Project: MetFlux India

Carbon exchange studies at natural ecosystems

The Indian forest is believed to be a net sink of CO2, but the carbon dynamics show a substantial variability in different spatial and temporal time scales. Understanding of source and sink relationship of CO2 and their variation with space and time is essential to better understand the spatio-temporal variability of carbon fluxes. The north-eastern part of India is endowed with a rich and varied biophysical environment because of its unique geographical location, relatively greater distance from the mainland, vast mountainous terrain, dense forests, heavy rainfall, wetlands and frequent floods have created a geographical remoteness of this area. Thus, it is essential to quantify the CO2 fluxes of the forest ecosystems of this region to have a better understanding of carbon dynamics. To fulfil this aim, an eddy-covariance based observation is set up at the Kaziranga National Park in Assam. We plan to monitor the exchange of CO2, H2O and energy between the forest and the atmosphere as well as to identify the environmental, plant and soil factors that control the exchange processes from intra-seasonal to decadal time scales.

Carbon and water cycle coupling at the Kaziranga forest

The carbon flux study carried out at the Kaziranga forest in Assam reveals that the ecosystem releases soil CO2 significantly higher than the other forest ecosystems in India. This characteristic feature probably makes this ecosystem a net carbon source in the atmosphere. Further, a combined analysis of precipitation isotopes and eddy-covariance data reveals that higher plant transpiration rates and productivity are strongly linked during the pre-monsoon season (March to May) but weak in other seasons.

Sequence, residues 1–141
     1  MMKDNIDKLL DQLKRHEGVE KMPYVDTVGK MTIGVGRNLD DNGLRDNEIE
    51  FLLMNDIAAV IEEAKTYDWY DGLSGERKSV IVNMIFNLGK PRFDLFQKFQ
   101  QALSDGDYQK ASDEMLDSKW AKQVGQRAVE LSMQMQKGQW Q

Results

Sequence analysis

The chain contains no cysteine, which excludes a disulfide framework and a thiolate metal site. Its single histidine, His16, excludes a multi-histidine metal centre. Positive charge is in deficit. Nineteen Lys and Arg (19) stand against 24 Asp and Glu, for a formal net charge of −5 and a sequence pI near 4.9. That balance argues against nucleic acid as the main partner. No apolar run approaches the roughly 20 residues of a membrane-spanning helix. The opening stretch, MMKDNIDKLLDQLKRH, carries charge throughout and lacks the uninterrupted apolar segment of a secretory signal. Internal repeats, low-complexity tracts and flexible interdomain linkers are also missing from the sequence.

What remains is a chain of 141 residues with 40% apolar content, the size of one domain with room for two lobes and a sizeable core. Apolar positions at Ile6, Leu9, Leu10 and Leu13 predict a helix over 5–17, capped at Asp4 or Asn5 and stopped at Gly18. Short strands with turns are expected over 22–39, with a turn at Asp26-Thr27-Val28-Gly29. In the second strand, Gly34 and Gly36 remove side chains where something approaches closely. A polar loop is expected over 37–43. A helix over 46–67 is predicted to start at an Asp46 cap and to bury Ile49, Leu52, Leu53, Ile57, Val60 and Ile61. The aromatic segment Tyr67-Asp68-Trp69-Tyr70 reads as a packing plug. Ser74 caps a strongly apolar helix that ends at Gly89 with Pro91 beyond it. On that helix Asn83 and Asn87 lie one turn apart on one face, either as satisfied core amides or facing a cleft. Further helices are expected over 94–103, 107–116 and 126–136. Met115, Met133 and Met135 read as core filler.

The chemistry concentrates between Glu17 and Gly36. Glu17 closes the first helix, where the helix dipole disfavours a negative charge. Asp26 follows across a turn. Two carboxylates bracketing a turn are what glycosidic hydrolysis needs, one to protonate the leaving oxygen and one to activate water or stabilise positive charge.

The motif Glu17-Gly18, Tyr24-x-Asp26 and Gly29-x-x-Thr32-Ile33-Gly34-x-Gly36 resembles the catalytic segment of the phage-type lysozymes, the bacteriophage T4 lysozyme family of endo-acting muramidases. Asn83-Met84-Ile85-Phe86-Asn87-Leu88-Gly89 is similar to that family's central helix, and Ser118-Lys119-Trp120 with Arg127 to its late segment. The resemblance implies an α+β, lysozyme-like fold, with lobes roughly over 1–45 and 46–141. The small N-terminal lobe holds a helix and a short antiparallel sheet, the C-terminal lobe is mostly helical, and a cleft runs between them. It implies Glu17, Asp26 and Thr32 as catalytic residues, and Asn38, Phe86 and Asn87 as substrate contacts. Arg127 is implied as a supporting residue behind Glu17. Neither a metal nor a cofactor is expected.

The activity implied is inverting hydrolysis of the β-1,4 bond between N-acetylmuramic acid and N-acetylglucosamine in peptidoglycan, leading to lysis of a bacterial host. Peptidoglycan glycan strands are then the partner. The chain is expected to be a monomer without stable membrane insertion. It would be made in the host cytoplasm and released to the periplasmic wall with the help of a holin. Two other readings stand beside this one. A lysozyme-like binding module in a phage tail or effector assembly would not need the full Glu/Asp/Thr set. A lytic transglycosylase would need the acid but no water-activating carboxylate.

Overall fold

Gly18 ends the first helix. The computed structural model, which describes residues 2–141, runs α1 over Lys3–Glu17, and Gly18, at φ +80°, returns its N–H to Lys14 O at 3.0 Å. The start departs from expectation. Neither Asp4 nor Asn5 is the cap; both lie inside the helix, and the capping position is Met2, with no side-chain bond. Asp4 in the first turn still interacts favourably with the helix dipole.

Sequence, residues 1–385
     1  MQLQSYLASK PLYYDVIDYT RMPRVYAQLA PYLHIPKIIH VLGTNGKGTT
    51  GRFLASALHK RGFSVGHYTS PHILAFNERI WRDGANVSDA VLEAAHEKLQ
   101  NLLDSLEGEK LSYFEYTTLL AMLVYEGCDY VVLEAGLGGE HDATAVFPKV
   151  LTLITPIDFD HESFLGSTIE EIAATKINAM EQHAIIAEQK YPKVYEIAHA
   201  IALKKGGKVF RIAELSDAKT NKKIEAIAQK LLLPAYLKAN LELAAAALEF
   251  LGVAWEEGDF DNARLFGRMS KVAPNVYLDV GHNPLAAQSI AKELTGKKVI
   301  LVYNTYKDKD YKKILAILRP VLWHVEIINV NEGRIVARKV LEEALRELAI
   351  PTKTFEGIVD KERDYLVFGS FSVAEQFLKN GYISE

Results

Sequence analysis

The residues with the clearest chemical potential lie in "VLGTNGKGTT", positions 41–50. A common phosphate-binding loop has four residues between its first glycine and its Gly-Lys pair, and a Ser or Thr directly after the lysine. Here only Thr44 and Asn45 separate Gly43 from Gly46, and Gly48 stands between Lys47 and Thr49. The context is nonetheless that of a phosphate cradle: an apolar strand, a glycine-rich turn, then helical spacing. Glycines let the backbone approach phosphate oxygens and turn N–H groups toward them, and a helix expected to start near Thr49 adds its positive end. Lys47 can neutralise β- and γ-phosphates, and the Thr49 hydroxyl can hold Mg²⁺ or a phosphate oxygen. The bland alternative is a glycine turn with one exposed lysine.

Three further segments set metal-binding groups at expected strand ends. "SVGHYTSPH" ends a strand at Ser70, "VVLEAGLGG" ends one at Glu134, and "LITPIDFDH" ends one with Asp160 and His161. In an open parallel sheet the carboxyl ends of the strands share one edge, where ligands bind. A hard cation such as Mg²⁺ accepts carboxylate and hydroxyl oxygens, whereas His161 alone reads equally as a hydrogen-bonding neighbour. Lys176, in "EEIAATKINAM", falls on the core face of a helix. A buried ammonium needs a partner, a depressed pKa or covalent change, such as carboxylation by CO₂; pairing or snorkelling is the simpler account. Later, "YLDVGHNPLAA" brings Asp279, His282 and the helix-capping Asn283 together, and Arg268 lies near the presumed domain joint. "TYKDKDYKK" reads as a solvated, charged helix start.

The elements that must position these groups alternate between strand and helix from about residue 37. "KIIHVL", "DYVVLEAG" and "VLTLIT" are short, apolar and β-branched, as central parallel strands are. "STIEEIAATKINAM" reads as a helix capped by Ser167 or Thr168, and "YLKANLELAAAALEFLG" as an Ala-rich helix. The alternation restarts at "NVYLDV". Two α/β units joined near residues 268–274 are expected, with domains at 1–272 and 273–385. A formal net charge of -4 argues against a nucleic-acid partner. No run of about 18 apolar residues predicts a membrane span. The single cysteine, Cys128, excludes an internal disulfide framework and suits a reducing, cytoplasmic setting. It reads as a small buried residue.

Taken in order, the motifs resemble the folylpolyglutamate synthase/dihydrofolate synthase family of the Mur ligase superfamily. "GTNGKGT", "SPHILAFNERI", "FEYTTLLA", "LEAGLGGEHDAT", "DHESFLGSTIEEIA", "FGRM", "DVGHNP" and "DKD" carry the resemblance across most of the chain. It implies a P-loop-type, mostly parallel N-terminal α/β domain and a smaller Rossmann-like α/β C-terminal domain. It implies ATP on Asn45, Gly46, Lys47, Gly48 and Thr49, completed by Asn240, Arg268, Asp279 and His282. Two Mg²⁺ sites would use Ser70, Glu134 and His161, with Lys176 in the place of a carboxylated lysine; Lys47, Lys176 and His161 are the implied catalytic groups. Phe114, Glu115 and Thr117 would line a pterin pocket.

Under the global warming scenario, the study may have concerning implications. Analysis of the rainfall data shows that rainfall in this region has decreased for several decades, especially during the pre-monsoon season. The amount of rain derived from the locally generated moisture, through transpiration, is also experiencing a reducing trend this season. This is especially significant for March-April because this is the time an enhanced hydrological cycle triggers the primary productivity. A reducing trend in rainfall may affect both the ecosystem productivity and the transpiration process. If the plant productivity weakens, it may further affect the carbon sequestration capacity of this fragile ecosystem of northeast India. So over a long-term period, the forest may emit more CO2 into the atmosphere. These studies are published as shown below:

Sarma, D, Deb Burman, P.K., Chakraborty, S., Gogoi, N., Bora, A., Metya, A., Datye, A., Murkute, C., Karipot, K. 2022 Quantifying the net ecosystem exchange at a semi-deciduous forest in northeast India from intra-seasonal to seasonal time scale. Agricul. Forest Meteor. 314 (2022) 108786.

Chakraborty, S., Burman, P.K.D., Sarma, D. et al. 2022 Linkage between precipitation isotopes and biosphere-atmosphere interaction observed in northeast India. npj Clim Atmos Sci 5, 10.;